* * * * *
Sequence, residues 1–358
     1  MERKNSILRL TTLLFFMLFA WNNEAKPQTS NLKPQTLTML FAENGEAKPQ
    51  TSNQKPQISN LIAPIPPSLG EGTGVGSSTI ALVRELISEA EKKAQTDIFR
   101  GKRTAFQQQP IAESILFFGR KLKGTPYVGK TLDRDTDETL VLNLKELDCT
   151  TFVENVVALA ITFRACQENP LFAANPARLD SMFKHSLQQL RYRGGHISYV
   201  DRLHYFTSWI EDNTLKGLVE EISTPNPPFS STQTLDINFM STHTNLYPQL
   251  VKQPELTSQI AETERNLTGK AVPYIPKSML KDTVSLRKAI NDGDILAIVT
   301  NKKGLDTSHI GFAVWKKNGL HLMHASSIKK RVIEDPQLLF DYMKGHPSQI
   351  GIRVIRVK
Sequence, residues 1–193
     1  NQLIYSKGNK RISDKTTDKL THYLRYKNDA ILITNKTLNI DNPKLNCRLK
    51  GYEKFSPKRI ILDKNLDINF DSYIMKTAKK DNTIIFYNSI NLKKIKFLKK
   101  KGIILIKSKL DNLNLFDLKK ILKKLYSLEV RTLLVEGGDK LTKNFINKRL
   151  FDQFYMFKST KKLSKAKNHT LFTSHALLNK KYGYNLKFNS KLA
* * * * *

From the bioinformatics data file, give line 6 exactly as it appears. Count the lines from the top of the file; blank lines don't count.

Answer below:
   201  DRLHYFTSWI EDNTLKGLVE EISTPNPPFS STQTLDINFM STHTNLYPQL